Looks like char can be just as variable as varchar with the appropriate settings, doesn’t it? No, it can’t. Don’t mistake datalength for storage length. Char still stores a byte for each character. Char(50) reserves 50 bytes for every row that is created. Varchar only stores the data that is actually there. Plus 2 bytes.
    The ansi_padding setting may have some benefits in application development, but it does not change the storage needs of character columns.

    Varchar(1) vs. Char(100)

    So when to use which data type? Well, the answer seems pretty obvious:

  • 1 to 3 characters => use char
  • 4 to 7 characters => depends. If most of your data fills the 7 characters, use char. Storage wise the maintenance of varchar has a slight overhead, so char could be the wiser decision.
  • More than 7 characters => use varchar. Unless, of course, your data has a fixed length that never varies.
  • You often hear to make the cut at 15, 20 or even 50 characters. Fact is, that even at as little as 7 or 8 characters varchar is the more efficient choice.


    A common practice I have seen many times is to use varchar(255) or even varchar(max) just for everything. Hey, it only stores what is there, so who cares?
    First, varchar(255). What is this artificial 255 threshold? I know, I am also old enough to remember database systems that only allowed 255 characters. And of course, 11111111 is 255, bla bla. But come on, 64bit systems, 32 GB of RAM or more, TBs of data storage, so please get rid of the 255. Or do your users really enter exactly 255 characters?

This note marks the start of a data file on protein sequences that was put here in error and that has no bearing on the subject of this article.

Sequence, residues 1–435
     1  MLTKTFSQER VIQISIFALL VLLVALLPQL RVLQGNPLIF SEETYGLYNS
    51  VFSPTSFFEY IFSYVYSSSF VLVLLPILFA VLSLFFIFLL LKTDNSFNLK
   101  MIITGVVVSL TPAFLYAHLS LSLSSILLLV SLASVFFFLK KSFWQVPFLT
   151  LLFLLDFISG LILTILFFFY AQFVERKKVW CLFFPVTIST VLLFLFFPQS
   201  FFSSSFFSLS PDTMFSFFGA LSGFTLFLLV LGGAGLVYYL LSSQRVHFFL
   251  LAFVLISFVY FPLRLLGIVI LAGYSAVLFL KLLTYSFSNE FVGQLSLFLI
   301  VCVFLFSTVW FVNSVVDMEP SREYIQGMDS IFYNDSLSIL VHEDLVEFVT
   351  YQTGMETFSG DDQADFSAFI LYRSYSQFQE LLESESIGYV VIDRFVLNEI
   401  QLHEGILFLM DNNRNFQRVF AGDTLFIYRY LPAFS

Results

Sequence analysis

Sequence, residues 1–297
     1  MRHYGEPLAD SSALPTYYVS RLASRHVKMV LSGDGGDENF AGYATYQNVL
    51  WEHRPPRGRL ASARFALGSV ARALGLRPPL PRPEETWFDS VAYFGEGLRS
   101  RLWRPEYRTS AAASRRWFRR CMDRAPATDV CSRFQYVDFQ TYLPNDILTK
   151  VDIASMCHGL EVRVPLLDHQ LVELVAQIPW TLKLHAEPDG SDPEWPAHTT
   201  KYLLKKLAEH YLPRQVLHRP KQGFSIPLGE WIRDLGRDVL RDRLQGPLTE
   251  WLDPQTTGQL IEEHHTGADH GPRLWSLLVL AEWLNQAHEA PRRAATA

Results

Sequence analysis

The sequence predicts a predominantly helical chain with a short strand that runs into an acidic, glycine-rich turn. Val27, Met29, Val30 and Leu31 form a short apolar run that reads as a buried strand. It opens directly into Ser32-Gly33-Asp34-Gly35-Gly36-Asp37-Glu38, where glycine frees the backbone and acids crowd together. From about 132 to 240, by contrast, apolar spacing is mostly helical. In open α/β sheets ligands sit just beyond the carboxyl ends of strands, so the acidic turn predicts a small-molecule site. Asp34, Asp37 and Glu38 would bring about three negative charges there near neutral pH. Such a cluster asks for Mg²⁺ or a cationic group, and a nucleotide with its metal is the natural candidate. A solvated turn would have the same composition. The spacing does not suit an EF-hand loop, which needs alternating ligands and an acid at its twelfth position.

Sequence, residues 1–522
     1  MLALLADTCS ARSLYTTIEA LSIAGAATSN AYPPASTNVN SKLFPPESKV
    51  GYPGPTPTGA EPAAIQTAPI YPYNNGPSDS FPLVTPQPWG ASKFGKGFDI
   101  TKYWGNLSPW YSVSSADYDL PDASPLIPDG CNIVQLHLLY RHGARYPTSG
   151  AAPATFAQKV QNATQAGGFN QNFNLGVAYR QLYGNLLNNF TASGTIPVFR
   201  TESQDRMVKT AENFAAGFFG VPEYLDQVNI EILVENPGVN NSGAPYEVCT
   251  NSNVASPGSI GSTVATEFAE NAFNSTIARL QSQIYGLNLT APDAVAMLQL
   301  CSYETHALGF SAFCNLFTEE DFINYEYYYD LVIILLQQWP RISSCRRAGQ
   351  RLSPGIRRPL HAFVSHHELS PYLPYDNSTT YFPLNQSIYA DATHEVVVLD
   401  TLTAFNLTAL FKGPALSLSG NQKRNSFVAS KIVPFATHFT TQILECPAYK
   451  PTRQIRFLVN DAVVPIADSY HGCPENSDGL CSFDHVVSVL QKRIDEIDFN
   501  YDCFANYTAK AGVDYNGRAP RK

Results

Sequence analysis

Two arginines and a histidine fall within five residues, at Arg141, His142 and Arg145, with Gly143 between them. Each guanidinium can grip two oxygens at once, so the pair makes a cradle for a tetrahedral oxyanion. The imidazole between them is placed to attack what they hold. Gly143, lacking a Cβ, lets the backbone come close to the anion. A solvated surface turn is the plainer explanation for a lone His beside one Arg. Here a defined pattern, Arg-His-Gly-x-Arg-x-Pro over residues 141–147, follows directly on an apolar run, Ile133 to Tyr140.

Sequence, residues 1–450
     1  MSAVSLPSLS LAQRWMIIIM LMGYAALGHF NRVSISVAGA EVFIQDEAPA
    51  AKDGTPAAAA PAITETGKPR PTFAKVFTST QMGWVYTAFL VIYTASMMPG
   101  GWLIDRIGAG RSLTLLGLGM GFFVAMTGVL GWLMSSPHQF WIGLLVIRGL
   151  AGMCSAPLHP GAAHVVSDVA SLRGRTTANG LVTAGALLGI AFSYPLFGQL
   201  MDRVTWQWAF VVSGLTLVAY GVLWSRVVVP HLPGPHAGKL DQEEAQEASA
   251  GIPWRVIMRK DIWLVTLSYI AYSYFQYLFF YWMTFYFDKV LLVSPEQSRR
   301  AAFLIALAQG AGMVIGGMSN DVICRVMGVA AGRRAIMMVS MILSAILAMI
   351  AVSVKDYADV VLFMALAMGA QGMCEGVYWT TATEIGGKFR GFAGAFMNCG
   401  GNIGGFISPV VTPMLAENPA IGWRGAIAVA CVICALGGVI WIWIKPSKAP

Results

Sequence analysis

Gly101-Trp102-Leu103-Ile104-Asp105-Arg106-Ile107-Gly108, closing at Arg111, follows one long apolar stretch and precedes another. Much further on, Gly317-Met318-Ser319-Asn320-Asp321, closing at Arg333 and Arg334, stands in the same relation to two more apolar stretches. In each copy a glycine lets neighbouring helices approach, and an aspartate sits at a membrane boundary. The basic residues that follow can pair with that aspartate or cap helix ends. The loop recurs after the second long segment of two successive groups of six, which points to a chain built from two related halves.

Then varchar(max). Varchar(max) is not really a character data type. It is treated as large data field, just like varbinary, text, ntext and image.
    Well, it is a hybrid. If the data fits on the data page it is treated as varchar, if it does not fit, it is treated as a large object. This means, that instead of the data itself a 16 byte pointer is stored that points to a pointer tree containing pointers to the actual data. This means at least one additional read operation up to several, how many it takes to get all the pointers to all the data together.
    Note, this does not dependent on how much data is actually stored in the field, but solely on if the data still fits in the data row on the page.

    We can force SQL Server to treat varchar(max) as In-Row data by switching off the large value types out of row option (default is on, which makes more sense).

    sp_tableoption 'tablename', 'large value types out of row', 'OFF'

    With this set to off, SQL Server will store the data in-row, which basically means that less rows per data page can be stored. Use this option only when the large data is the main read and write target of the table. (For more on this topic see here)